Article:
Monday, March 14, 2011

The Catch-22 of Hell

I had a few issues with something I read. Needed to get it down. Instead of the usual paragraph by paragraph dissection I just put a few of the central points in italics and discussed them. 


The Rob Bell Contoversy: Does Anyone Go To Hell?

So why can't a prominent Christian author even question how to reconcile Jesus' description of God's incredible, even incomprehensible love with the notion of condemning souls to eternal torment without being condemned as a heretic? I suspect there are several reasons. Certainly the threat of hell provides a motivational system par excellence. During the Middle Ages, for instance -- when doctrines of hell were most fully developed -- the desire to avoid eternal punishment motivated Christians to all kinds of pious acts, everything from donating money to build the Sistine Chapel to enlisting in countless Crusades.

These last two sentences are telling. “The threat of hell” is a superior mechanism of control. In order to avoid the most horrific punishment imaginable, people “act good.” This is different than “being good.” This threat is familiar through Pascal’s Wager. Also inherent in both Pascal’s Wager and the threat of hell is a lack of true faith (of which I am unconcerned with), a lack of personal accountability, a lack of true morality and a lack of logic. Much like Pascal’s Wager; the threat of hell does not instill any love for fellow humans or much of anything other than a “love” for anyone that promises to save you from the tortures of this world (reality) or the torture of an afterlife. It is a fear-based control mechanism designed by human agents in order to coerce others to follow their belief system or maybe even just those in power. This is not only disingenuous; it is immoral. Not only do I reject the notions of hell and Pascal’s Wager because I do not believe in the existence of any deity, but I logically reject the notion of an omnibenevolent god’s ability to even exist within the conflicting context of a judgemental and punishing god. It makes no sense.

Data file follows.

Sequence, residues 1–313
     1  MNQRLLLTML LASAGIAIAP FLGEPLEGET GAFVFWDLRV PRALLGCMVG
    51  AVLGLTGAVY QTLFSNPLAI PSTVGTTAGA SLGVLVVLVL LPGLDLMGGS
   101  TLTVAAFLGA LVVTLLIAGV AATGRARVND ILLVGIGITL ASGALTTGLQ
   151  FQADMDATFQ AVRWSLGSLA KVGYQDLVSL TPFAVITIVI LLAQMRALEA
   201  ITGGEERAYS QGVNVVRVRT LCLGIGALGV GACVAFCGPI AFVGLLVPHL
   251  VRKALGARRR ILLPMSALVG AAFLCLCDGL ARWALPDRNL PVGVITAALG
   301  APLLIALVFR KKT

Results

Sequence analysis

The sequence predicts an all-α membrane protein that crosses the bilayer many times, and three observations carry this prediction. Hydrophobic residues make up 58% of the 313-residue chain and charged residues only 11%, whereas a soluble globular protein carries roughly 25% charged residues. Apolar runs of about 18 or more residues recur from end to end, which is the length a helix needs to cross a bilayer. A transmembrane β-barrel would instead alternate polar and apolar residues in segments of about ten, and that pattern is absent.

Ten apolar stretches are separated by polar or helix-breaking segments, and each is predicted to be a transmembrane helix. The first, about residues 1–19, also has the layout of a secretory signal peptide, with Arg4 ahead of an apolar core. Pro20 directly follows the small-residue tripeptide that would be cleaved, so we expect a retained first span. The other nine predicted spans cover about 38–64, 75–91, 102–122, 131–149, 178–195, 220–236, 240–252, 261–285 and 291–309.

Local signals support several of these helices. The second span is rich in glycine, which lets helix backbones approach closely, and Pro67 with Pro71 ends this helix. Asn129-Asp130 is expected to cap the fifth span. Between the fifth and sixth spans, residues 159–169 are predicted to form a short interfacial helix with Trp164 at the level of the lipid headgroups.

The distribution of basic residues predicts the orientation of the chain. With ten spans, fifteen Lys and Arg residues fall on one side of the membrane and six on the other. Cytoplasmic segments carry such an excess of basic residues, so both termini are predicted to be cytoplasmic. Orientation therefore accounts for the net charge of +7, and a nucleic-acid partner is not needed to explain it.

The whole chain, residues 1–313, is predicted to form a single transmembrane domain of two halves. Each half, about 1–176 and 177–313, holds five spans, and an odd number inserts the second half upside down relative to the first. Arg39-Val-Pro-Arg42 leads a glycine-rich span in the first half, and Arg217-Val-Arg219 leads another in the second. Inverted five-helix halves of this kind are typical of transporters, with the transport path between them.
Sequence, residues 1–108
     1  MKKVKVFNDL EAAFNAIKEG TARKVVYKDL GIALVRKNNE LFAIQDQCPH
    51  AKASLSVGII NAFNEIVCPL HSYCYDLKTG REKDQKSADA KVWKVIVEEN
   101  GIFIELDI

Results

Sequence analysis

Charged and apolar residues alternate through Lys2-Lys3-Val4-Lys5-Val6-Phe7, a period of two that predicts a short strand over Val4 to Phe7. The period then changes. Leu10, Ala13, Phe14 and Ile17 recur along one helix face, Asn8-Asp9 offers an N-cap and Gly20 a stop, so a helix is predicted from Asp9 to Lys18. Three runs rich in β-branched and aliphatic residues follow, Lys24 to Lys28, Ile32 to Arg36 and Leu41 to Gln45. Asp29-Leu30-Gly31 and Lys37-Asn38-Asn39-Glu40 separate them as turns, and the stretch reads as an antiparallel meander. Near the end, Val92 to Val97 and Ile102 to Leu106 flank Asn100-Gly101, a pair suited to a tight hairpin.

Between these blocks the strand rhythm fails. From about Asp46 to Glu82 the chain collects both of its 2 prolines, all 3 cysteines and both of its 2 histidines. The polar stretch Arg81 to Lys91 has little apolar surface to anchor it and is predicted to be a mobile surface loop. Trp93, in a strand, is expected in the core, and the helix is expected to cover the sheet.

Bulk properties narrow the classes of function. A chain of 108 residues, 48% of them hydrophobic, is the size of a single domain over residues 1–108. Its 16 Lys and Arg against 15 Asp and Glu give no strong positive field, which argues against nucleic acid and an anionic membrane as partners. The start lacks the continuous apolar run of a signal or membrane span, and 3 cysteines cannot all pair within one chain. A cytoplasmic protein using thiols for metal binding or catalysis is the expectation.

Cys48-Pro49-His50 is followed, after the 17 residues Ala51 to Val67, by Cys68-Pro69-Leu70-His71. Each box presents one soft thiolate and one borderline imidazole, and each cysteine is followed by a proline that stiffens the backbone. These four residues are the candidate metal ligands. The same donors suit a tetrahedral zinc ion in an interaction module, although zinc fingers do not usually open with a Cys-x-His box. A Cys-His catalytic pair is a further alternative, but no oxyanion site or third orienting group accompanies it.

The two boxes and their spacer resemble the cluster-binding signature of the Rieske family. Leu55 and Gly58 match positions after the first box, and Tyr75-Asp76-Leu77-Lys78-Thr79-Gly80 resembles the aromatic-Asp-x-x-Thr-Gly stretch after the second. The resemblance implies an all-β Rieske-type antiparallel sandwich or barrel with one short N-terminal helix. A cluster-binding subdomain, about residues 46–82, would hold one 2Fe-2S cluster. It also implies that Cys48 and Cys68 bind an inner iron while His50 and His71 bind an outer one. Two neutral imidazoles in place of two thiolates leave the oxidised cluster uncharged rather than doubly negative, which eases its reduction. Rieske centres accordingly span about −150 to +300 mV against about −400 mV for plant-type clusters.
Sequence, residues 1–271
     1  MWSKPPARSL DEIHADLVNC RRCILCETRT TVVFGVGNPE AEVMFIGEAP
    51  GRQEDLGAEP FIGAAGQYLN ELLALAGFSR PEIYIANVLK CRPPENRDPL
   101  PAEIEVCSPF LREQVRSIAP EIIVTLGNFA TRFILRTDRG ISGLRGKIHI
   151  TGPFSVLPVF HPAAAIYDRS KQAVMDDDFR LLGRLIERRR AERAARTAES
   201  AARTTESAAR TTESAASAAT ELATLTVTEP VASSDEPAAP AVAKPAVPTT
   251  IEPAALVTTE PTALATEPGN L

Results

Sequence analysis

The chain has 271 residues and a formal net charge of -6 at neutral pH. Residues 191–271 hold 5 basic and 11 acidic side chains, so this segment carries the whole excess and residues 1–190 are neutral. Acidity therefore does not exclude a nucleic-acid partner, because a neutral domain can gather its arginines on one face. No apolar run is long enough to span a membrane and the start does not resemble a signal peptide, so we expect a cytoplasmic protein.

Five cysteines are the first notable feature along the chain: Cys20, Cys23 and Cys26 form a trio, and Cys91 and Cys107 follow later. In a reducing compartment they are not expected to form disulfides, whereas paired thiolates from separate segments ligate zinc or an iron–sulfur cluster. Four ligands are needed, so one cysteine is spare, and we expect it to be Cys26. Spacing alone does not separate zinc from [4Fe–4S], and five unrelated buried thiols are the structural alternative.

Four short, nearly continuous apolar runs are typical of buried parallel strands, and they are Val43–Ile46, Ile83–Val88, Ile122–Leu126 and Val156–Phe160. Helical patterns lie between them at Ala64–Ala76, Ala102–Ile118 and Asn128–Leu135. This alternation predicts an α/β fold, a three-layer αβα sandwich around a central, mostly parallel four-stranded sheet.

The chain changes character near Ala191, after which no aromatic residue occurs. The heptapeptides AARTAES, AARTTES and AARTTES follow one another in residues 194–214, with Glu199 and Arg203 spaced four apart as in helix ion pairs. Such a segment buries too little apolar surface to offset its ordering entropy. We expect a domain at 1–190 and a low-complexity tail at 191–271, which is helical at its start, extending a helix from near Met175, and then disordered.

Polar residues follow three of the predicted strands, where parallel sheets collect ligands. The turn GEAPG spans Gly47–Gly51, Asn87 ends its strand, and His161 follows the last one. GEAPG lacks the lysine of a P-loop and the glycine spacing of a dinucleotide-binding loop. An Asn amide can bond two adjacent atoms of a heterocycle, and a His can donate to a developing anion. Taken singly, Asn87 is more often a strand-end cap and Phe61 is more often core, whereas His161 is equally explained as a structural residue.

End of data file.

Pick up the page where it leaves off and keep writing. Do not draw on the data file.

The other point within this statement and alluded to earlier in the article is that the concept of hell was largely formulated as it is understood today during the Middle Ages (formally known as the Dark Ages). The concept of hell was created over the course of 1,000 years of some of the most trying times in European history. Who created this concept? The Catholic Church. If ever there was a self-serving organization that had no problem either consciously or unconsciously creating justifications for their existence, power, and preeminence it is the Catholic Church. The fact that the Christian concept of hell was (re)created over the course of approximately 40 generations and influenced by various cultures, languages and powers does not lend itself to the credibility of the concept. At all.

However, this does not mean that the Old and New Testaments get a “pass” on the current concept of hell. It really doesn’t matter. Hell is still implied.

To be fair; this lack of logic in the widely held concept of hell is not lost on the subject of the article. Rob Bell sees the inherent contradiction of a moral person going to hell. However, David Lose states: